Yes, You CAN Sew Your Own Leather Jacket! Just Follow These 9 Tips

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If you're like us, you're always eyeing leather skirts, leather pants, leather jackets, leather bags — leather everything — and thinking: Could I make that myself? The answer is yes. Believe it or not, sewing with leather is much simpler than it looks, even if you've never done it before.

Chances are, most of the leather you're seeing in stores and online is fake. But hey, if it feels real and looks great, there's no shame in going with the faux stuff. It's also just as easy to work with as real leather. Use it to sew an entire outfit, or to make parts like sleeves, peplums, collars or anything you can dream up.

Whether you want to work with real or faux leather, you have tons of options to choose from. Real leather, if you stick with the lightweight versions (i.e. the 3-ounce variety or lighter), won’t strain your sewing machine and won’t require serious leather sewing tools. As for the imitation versions, you'll still want to go for the lightweight options, which perform almost exactly like legit leather.

Either way, the sewing techniques you use will be a bit different from what you're accustomed to. Not harder, just different. Here, some tips to set you up for success.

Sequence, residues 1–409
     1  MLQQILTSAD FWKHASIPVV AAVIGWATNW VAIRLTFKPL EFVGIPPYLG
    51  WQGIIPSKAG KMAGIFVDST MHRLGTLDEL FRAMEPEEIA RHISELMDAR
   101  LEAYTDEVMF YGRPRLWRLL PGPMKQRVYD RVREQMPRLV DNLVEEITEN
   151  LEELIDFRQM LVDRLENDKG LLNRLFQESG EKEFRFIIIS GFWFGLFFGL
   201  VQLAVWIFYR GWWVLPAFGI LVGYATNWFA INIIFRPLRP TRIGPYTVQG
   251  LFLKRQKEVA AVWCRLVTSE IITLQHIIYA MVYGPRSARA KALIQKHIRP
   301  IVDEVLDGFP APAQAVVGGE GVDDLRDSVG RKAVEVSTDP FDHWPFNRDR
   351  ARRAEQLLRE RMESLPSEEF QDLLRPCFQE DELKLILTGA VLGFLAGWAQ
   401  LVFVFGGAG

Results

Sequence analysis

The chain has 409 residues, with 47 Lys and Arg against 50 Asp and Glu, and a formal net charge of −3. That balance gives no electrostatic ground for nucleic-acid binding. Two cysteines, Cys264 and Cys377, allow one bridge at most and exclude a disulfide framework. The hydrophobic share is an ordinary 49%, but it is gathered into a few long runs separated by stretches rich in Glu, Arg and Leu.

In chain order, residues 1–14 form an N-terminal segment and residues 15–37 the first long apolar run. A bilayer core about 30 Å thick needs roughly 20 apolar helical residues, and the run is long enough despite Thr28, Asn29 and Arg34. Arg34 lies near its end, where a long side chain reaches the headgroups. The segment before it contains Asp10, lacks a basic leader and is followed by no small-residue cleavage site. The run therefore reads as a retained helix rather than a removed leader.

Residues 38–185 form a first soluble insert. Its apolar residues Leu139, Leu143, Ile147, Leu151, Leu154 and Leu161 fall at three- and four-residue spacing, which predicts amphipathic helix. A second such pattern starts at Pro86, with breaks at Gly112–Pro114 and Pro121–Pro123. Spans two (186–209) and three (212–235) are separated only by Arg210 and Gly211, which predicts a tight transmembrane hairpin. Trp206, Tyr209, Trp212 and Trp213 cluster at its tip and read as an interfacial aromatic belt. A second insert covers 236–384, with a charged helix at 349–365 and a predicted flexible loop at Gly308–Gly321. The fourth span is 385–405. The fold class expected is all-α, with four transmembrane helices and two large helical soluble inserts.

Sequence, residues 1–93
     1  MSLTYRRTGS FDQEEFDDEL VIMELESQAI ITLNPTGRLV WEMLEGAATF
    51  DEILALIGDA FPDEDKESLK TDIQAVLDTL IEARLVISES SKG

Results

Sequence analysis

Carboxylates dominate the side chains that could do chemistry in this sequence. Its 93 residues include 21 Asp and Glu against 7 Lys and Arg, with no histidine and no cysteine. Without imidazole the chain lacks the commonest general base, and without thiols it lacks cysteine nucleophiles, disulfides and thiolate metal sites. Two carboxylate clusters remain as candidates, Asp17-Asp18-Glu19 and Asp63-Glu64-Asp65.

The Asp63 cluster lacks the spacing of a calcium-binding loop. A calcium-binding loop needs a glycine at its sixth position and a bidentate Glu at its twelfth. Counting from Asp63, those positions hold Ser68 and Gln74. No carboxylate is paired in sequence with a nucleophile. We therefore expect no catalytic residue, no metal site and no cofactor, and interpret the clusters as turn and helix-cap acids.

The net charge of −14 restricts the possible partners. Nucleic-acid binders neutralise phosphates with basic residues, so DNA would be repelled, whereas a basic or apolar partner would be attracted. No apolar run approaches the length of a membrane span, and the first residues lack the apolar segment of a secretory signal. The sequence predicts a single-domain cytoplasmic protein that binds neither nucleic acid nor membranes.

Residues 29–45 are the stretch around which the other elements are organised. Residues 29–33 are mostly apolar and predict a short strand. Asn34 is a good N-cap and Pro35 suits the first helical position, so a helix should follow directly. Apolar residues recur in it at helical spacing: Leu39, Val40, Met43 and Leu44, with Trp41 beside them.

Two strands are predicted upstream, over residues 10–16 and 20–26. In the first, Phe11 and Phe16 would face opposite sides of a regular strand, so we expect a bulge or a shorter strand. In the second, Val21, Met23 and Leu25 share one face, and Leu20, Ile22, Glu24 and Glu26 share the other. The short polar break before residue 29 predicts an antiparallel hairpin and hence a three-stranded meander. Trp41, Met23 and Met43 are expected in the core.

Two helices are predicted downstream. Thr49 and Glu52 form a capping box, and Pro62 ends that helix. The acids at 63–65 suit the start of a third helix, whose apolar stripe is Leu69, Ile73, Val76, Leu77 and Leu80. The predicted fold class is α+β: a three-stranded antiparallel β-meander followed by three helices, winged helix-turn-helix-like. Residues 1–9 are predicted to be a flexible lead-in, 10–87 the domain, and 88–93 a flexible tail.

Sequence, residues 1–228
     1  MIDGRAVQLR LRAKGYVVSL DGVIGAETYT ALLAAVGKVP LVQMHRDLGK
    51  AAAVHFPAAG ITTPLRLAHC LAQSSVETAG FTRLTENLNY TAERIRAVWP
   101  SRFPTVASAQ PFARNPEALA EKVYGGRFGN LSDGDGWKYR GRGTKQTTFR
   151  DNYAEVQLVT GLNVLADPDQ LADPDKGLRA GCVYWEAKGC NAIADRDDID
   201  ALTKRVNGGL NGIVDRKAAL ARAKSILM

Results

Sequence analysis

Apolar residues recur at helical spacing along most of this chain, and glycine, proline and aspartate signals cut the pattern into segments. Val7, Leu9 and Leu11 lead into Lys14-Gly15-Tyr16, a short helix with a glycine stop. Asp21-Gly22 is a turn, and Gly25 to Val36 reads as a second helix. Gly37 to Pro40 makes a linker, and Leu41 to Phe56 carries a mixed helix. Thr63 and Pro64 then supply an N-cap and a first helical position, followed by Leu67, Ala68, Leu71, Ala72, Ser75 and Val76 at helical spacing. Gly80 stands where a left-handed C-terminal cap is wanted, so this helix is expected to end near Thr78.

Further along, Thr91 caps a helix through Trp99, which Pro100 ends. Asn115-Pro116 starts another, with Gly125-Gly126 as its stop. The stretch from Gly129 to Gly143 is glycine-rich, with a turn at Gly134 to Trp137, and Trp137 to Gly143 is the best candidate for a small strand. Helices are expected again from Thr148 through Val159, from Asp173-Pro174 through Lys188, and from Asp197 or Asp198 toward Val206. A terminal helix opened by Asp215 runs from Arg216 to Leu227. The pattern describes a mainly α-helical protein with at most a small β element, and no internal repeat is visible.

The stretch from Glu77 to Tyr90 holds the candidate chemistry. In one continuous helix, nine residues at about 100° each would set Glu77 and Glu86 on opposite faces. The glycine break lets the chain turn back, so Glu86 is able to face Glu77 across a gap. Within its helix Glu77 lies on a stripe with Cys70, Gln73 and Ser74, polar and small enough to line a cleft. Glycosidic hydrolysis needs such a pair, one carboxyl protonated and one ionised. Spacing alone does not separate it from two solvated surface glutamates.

1. Do all your fitting beforehand

There are no do-overs! Every stitch will leave a permanent hole.

2. Use clips or tape instead of pins

Pins leave holes, so they're pretty much out of the question except within seam allowances. Instead, use regular paper clips, binder clips, hair clips or invisible tape. You can also look in fabric stores for those special clips designed for quilting (they work just as well for leather).

3. Cut out pattern pieces one layer at a time

You might find it's easier to trace your pattern pieces on the wrong side, and use a rotary cutter for most of the cutting.

4. If you're using patterns, transfer all markings on the wrong side of the fabric

Stay away from traditional transfer paper and marking wheels. Go with marking pens or tailor's chalk instead.

5. Forget about added seam finishes

Because the raw edges of leather won't fray, raw seam edges can stay unfinished. Exposed edges make a great organic look, too.

6. Consider a bunch of seam options

Lapped seams, faux flat fell seams, single or double topstitched seams, or just plain seams: You can use 'em with real or imitation leather. It all depends on the look you're going for. If you're using plain seams , glue the seam allowances down with leather adhesive and seal them shut with a wallpaper roller.

7. Use a new needle in your sewing machine

Pick one that's designed specifically for leather, whether you're working with real or imitation.

8. Put Scotch tape on a universal foot so it glides easily

Leather tends to stick to the throat plate and/or presser foot when you're sewing, so use either a roller foot or a Teflon foot — or you can just place a small piece of tape over the bottom of a universal foot to help it glide smoothly. Use a longer stitch length, too, to make a strong and secure seam.

9. Test first!

Try all your stitches on a scrap of leather first, then dive in!

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